The CDC, we are told, is, in part, a scientific agency but fundamentally a political one, and it shows:
The director is appointed by the president of the United States, and the CDC’s guidance often balances public health and welfare with other priorities of the executive branch.
Throughout this pandemic, the CDC has been a poor steward of that balance, pushing a series of scientific results that are severely deficient. This research is plagued with classic errors and biases, and does not support the press-released conclusions that often follow. In all cases, the papers are uniquely timed to further political goals and objectives; as such, these papers appear more as propaganda than as science. The CDC’s use of this technique has severely damaged their reputation and helped lead to a growing divide in trust in science by political party. Science now risks entering a death spiral in which it will increasingly fragment into subsidiary verticals of political parties. As a society, we cannot afford to allow this to occur. Impartial, honest appraisal is needed now more than ever, but it is unclear how we can achieve it…
Masking is not the only matter in which the CDC’s stated policy goal has coincided with very poor-quality science that was, coincidentally, published in their own journal. Consider the case of vaccination for kids between the ages of 5 and 11. COVID vaccination in this age group has stalled, which runs counter to the CDC’s goal of maximum vaccination. Interestingly, vaccinating kids between 5 and 11 is disputed globally; Sweden recently elected not to vaccinate healthy kids in this age group, and some public health experts believe that it would be preferable for kids to gain immunity from natural exposure instead. Stalling U.S. uptake therefore reflects a legitimate and open scientific debate, regardless of whether the CDC’s policy goal would like to consider it closed.
Enter the CDC’s new study. Widely covered in news outlets, the January 2022 study claims that kids below the age of 18 who get diagnosed with COVID are 2.5 times more likely to be diagnosed with diabetes. “These findings underscore the importance of COVID-19 prevention among all age groups,” the authors write, “including vaccination for all eligible children and adolescents.” But a closer examination of the study again reveals problems.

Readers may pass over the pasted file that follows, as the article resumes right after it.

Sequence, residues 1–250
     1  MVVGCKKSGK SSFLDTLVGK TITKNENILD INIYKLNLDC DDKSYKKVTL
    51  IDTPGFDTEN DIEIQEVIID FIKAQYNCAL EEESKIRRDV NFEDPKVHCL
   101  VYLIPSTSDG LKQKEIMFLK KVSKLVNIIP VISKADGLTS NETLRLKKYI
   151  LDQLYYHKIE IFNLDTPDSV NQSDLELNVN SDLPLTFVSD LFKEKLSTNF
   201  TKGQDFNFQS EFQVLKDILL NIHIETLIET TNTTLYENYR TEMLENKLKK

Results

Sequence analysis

First, it does not adjust for body mass index. Higher BMI is a risk factor for COVID, prompting hospitalization and diabetes, and yet the CDC analysis does not adjust for weight at all. Second, the absolute risks the study finds are incredibly low. Even if the authors’ finding is true, it demonstrates an increase in diabetes of up to 6 in 10,000 COVID survivors. Third, the CDC’s analysis uses billing record diagnoses as a surrogate for COVID cases, but many kids had and recovered from COVID without seeking medical care. Without a true denominator that conveys the actual number of COVID cases, the entire analysis might be artifact. As the former dean of Harvard Medical School Jeffrey Flier told The New York Times, “The CDC erred in taking a preliminary and potentially erroneous association and tweeting it to specifically create alarm in parents.” Some might view it as a mistake, but after observing these matters for almost two years, I believe it was the entire point of the study: Alarm might boost flagging vaccine uptake in kids. (Already, a better study out of the United Kingdom finds no causal link between COVID and diabetes in kids.)Vinay Prasad, “How the CDC Abandoned Science” at Tablet (February 14, 2022)
After a while, the public will catch on. The reputation of science is not going to do well out of the “Trust the Science!” phase.
Right now, we are still in this stage: At Mind Matters News: We trust nonsense from lab coats more than from gurus. It’s hard to understand why the researchers take comfort from finding that, worldwide, people will believe absolute nonsense if it comes from scientists.
Note: They will believe it until it begins to cost themin ways they understand. After that, they may not believe good sense either.